From a genetic point of view, this disease may be monogenic, polygenic or multifactorial . Electrolyte disturbances or ischemic myocytes can trigger the arrhythmia in genetically predisposed patients.
Different studies report very different figures regarding idiopathic ventricular fibrillation epidemiology. Numbers range from 1.2% to 9% of sudden cardiac death not related to acute coronary syndrome survivors. Appropriate diagnosis methods may not be available in certain centers, thus including some cases of primary congenital arrhythmia in the idiopathic ventricular fibrillation category.
Idiopathic ventricular fibrillation originates from a well-determined locus in the Purkinje network and is initiated by premature ectopic contractions that generate reentrant ventricular fibrillation. Some researchers took this idea further, stating that this condition represents a focal ventricular fibrillation . It is yet unknown why these very premature ectopic beats occur, but it is possible to demonstrate their existence by intracardiac recordings and radiofrequency ablation can be attempted.
From a genetic point of view, several hypotheses exist. Different patients may suffer from different mutations, all leading to the same result. Idiopathic ventricular fibrillation may have a monogenic , a polygenic or a multifactorial origin. Factors that can contribute to the multifactorial process include electrolyte disturbances or localized ischemia. Genes that seem to be involved include IRX3, RyR2, CALM1, and DPP6  . Another possibility is that this condition is caused by the accumulation of several mutations to the cell’s deoxynucleic acid. The activity of the potassium channel in the myocyte membrane seems to be disturbed in idiopathic ventricular fibrillation, explaining the occurrence of short-coupled ventricular premature contractions .
Primary prevention is not applicable to idiopathic ventricular fibrillation, but once the diagnosis is established, subsequent arrhythmic events are effectively prevented by an implantable cardioverter- defibrillator. Antiarrhythmic therapy can also be used in order to decrease the number of arrhythmic episodes and therefore the discomfort associated with shocks. Still, the cardioverter-defibrillator is considered more effective than drugs in death prevention in these patients.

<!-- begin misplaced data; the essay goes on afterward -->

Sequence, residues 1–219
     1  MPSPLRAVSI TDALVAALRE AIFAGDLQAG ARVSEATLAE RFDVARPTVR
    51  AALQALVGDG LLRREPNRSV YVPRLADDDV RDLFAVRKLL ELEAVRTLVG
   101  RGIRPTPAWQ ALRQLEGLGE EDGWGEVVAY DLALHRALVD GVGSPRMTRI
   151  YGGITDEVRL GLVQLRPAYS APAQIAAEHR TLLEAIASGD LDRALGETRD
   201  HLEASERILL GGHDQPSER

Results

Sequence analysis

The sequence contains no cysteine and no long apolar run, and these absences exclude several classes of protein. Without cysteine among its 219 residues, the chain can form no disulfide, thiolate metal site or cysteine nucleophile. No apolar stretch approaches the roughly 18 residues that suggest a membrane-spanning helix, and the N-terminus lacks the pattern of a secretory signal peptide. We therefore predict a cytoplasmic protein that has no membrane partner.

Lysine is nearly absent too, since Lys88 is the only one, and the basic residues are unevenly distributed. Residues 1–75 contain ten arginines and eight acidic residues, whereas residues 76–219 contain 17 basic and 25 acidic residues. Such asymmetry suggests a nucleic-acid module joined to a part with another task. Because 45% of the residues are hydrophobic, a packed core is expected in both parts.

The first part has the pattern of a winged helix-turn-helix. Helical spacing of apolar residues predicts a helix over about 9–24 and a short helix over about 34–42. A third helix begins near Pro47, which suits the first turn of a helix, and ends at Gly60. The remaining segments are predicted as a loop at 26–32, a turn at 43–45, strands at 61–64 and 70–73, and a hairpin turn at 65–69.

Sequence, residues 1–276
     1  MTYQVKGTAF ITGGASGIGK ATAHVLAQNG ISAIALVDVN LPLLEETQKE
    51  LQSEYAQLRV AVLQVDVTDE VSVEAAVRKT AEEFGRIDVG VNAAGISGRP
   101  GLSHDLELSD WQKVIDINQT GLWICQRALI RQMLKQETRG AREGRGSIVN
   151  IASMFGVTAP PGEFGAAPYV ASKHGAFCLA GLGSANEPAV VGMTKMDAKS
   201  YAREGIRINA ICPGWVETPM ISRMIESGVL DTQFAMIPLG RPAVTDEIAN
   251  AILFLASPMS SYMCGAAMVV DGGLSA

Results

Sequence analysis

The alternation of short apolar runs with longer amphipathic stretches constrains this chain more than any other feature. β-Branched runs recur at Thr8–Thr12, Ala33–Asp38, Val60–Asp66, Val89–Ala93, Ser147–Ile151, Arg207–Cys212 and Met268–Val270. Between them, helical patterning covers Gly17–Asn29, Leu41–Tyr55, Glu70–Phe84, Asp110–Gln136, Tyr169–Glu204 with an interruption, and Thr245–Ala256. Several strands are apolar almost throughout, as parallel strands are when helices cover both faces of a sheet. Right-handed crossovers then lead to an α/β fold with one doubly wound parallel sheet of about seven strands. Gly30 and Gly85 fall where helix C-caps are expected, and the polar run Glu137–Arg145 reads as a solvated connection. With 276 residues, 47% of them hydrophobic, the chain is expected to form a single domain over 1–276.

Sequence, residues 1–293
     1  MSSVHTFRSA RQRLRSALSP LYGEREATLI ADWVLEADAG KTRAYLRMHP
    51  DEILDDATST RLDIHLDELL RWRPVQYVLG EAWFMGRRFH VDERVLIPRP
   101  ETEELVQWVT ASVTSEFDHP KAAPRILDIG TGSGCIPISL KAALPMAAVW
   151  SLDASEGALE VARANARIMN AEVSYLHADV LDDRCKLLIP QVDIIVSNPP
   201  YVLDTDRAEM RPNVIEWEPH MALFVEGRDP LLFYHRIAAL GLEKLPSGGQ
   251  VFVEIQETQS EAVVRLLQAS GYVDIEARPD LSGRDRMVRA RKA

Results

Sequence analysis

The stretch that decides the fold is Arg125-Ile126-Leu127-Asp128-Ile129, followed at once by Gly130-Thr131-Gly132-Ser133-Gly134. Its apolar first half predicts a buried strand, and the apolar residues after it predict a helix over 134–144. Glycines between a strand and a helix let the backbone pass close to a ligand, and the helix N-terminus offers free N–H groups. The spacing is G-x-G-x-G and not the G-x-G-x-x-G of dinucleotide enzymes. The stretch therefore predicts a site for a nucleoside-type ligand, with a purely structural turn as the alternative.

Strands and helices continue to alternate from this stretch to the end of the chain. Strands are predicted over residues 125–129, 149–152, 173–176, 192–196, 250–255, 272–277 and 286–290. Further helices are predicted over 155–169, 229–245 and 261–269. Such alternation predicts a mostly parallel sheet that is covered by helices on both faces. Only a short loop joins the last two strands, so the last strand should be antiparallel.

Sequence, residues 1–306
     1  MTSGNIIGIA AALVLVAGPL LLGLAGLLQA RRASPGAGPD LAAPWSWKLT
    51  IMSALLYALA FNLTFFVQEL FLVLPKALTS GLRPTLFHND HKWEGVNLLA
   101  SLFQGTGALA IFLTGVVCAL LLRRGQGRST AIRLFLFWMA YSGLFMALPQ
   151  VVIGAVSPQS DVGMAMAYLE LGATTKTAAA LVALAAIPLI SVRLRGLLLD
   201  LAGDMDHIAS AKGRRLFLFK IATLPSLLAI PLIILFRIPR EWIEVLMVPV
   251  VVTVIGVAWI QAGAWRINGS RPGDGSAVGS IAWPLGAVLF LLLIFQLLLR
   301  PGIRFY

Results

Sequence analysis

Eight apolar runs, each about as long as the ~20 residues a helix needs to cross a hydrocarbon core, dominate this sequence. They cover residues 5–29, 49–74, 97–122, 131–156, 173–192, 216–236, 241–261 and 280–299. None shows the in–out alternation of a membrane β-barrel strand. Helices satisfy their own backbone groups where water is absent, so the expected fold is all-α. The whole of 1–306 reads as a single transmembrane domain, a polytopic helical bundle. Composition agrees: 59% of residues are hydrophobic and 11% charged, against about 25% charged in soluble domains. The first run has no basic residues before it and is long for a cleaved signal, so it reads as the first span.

Idiopathic ventricular fibrillation represents a rare type of arrhythmia, occurring in young men in whom demonstration of other inborn types of arrhythmia has failed. Initial symptoms include light-headedness and palpitations that occur at rest or during exercise and can be followed by consciousness loss. Affected individuals may have underlying genetic mutations, but in some patients, they only become apparent when associated with other factors, such as fever or electrolyte disturbances. The electrocardiogram, echocardiogram, Holter monitoring, stress tests (with ergonovine, ajmaline or acetylcholine), coronary angiography and magnetic resonance imaging should be performed in order to exclude other arrhythmias and the presence of heart ischemia. An electrophysiological study can reproduce the arrhythmia and guide radiofrequency ablation, but the most effective proven therapy is represented by a cardioverter- defibrillator implant. Antiarrhythmic drugs may decrease the number of heart rhythm disturbances and inappropriate shocks. Quinidine has proven much more effective than amiodarone, beta-blockers, and verapamil.
Idiopathic ventricular fibrillation is a rare disease affecting men more often than women. Patients experience palpitations and light-headedness at rest or during exercise and then lose their consciousness and die if help is not promptly available. The diagnosis is established using many types of tests, including an electrocardiogram, 24-hour heart rhythm monitoring, and stress tests- that is, the heart of the individual suspected to suffer from idiopathic ventricular fibrillation is observed after certain kinds of substances that make it beat faster are injected. The physician will also perform an echocardiogram, allowing him or her to rule out morphological abnormalities and may also order an electrophysiological test. This method precisely detects which part of the heart triggers the arrhythmia.
Every patient suffering from this condition should receive an implantable cardioverter- defibrillator. This device is implanted under the skin and has an electrode that is implanted inside the heart. It detects when ulterior arrhythmia episodes occur and provides a shock to the myocardium, thus terminating the episode. Certain drugs, quinidine, in particular, are used in order to decrease the number of arrhythmic episodes.